Couple chooses Natchez as new home, place to build new businesses

Published 12:00 am Wednesday, September 17, 2003

A new life and new business in Natchez have fulfilled all the high expectations Jeanie and Ken Attenhofer brought with them from New Orleans only two years ago.

She retired from a position with a utility company and looked toward putting all her energy into what she loved most &045; art, history and people.

For Ken, the move brought a chance to expand an already successful career in stained and painted glass work, creating new designs and restoring old pieces, something he has done for more than 30 years.

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With the opening of Attenhofer Studios at the Canal Street Depot, the couple has filled a need within the Natchez business community, too, said Jeanie Attenhofer.

&uot;It was an omen. The day we signed the final papers for our Natchez house was the day Stitch & Stuff closed,&uot; she said, referring to the popular needlework shop operated for many years by the Smith family.

At her new shop, Jeanie has amassed an impressive inventory in the four months since it opened.

And she continues to add more.

Buyers will find pre-stitched canvases, Persian yarn, tapestry wool, hand-painted canvases and many other items sought by needlework and crafts buffs.

&uot;I’ve already done a lot of special orders,&uot; she said. &uot;I can get crochet thread; I even ordered a bolt of flannel for making receiving blankets.&uot;

When time comes to begin costumes for the Pilgrimage season, she will be prepared to assist with lace, beads, ribbons and other items dressmakers might not be able to find in the area.

&uot;Jeanie asked me how much she should get to put into the store,&uot; Ken Attenhofer said. &uot;I told her to get everything everyone needs.&uot;

Ken has a small studio in the loft area of the shop but does most of his glass work in a studio at the couple’s home on Arlington Avenue. He continues to travel to New Orleans every two weeks to work on extensive projects going on there.

&uot;I probably have worked on every church in New Orleans,&uot; he said.

One of his first projects in Natchez was working with friend Gary Conn on a window restoration for Holy Family Catholic Church.

The Attenhofers have found the Natchez way of life suits their own lifestyle. They have found the town friendly, welcoming and busy.

&uot;There may be 10 times more opportunities to do things in New Orleans, but you don’t hear about them, and people don’t ask you to be involved,&uot; Ken said.

In Natchez, they have joined clubs and organizations and have settled into a life that includes the right amount of work mixed with socializing and pursuing other interests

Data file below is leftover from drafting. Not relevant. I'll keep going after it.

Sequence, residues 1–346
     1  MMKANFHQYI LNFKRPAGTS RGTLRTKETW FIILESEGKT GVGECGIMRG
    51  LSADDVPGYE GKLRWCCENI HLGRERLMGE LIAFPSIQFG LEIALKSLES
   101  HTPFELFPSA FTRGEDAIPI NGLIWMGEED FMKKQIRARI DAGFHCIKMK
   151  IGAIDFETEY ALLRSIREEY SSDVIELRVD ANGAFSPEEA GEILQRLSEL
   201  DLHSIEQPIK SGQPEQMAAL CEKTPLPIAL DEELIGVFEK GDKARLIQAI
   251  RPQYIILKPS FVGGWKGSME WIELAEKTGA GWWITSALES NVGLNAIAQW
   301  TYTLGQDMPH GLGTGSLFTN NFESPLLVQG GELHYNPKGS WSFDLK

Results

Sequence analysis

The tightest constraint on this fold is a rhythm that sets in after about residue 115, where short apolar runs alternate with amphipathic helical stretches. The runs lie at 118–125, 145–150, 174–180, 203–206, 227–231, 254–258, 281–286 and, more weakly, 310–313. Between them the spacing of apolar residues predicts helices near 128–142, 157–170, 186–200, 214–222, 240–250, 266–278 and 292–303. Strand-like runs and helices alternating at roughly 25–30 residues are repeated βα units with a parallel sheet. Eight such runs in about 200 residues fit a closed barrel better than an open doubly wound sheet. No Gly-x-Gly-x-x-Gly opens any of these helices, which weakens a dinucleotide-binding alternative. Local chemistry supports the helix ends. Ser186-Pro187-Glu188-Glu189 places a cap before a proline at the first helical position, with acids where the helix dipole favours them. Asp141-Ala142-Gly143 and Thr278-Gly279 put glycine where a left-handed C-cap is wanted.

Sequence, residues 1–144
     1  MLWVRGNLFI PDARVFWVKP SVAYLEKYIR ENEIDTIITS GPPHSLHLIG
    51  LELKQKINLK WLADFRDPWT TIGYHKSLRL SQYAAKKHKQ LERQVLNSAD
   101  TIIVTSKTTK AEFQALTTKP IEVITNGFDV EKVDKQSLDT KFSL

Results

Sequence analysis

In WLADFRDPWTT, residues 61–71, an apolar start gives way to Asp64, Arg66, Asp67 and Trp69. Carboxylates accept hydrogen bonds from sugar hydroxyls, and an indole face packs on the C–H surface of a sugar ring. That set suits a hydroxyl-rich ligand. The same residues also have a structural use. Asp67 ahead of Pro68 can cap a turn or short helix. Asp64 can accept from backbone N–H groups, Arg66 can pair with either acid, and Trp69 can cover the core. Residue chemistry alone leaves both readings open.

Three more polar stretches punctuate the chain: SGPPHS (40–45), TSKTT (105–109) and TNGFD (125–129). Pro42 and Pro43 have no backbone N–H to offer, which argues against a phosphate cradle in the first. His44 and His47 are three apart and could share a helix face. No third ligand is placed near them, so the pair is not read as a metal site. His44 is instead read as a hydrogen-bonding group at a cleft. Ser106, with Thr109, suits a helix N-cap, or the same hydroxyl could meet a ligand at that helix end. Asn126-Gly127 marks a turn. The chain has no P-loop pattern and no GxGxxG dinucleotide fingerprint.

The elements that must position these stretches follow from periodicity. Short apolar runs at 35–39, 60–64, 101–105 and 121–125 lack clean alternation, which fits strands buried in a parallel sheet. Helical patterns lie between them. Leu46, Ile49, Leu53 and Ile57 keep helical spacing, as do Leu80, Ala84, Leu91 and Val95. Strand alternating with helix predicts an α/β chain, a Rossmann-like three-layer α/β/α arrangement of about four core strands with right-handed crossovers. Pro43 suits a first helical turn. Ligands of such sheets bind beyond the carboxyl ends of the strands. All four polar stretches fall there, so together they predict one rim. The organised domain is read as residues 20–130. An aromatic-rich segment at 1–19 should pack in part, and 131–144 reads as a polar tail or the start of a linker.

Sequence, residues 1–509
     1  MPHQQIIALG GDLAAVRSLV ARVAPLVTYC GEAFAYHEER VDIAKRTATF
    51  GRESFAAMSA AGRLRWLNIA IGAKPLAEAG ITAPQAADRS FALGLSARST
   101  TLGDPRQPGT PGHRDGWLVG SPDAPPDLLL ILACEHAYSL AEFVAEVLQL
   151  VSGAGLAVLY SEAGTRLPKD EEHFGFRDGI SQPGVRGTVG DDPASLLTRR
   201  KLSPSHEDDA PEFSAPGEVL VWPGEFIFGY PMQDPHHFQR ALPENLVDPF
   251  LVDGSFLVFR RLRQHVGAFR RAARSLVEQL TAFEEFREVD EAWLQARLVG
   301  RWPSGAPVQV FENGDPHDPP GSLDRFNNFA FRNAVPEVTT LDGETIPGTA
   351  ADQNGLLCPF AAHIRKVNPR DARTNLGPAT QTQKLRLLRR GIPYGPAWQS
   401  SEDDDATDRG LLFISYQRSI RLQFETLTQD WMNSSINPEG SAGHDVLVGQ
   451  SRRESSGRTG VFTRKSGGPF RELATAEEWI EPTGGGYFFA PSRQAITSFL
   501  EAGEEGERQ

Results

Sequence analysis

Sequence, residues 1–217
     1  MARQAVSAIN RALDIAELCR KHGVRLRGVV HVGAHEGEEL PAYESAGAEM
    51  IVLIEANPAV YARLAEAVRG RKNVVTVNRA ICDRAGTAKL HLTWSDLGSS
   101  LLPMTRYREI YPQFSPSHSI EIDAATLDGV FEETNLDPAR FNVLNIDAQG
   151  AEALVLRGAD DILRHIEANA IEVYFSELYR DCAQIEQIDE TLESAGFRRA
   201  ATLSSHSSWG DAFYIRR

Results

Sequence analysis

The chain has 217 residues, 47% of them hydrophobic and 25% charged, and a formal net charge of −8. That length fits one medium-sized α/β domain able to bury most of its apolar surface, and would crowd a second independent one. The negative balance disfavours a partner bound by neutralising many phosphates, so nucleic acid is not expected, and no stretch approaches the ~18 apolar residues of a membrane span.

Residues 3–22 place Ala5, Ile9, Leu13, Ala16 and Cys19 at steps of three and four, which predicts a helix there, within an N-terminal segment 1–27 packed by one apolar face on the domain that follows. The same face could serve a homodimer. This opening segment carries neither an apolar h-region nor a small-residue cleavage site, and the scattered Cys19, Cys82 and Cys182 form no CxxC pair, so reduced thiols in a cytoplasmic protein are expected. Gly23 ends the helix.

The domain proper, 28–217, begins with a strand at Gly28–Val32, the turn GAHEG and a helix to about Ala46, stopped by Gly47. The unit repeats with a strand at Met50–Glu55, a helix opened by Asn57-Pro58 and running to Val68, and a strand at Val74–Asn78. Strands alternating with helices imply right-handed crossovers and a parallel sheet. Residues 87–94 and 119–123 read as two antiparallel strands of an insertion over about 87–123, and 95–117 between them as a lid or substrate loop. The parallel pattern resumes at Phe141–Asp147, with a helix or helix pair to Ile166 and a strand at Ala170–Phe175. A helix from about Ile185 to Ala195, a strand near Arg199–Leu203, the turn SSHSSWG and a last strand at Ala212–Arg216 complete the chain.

&uot;We’ve joined the Scottish Heritage Society,&uot; said Jeanie, pointing out that they share a Swiss-German heritage but also a Scottish one. &uot;I bought Ken a kilt, and he’s learning to play the bass drum to accompany the bagpipes. I was afraid he wouldn’t wear it, but I can’t keep him out of it. He’s already been in three parades.&uot;

The couple will celebrate 35 years of marriage in September. It was on their honeymoon that they visited Natchez for the first time and together dreamed someday they might live in the city that to them was a living history museum.

&uot;We both love history and old houses,&uot; Jeanie said.

The two artists have learned quickly the Natchez way of shopping and doing business.

&uot;You don’t just walk into a store and buy something in Natchez,&uot; Ken said. &uot;First you talk about 45 minutes about who you are. You get to know one another before you do business.&uot;

Jeanie said both local shoppers and visitors have kept the shop door revolving.

&uot;This is a great place, a prime Natchez location,&uot; she said. &uot;We have a lot of foot traffic. And besides that, when Ken is out of town, I can walk to work.&uot;

Ken Attenhofer plunged into his artistic career without any formal training many years ago, leaving behind his work as an electronic technician working on biomedical equipment.

&uot;My mother was a nurse and my father ran an electronics school,&uot; he said. &uot;They thought something like art was a useless thing. I was good at the electronics. It was very fine work.&uot;

Still, art won out; and the rest is history for Ken Attenhofer.

&uot;I had a good job and I told him to go for it,&uot; Jeanie said. &uot;And now he’s doing the same thing for me with this shop.&uot;

Jeanie learned needlework as a very young girl.

&uot;I come from a long line of crafty ladies,&uot; she said, laughing as she described her 87-year-old mother who still visits nursing homes to teach arts and crafts to the residents there.

Her original, hand-painted canvases are attracting the attention of her clientele. Already she has begun taking orders for special designs.

And she has accepted requests to speak to clubs, soon to deliver a talk on Mary Queen of Scots, an avid needleworker and designer, Jeanie said.

In January she will present a history of needlework to a meeting of the Natchez Garden Club.

Joan Gandy

is community editor of The Democrat. She can be reached at (601) 445-3549 or by e-mail to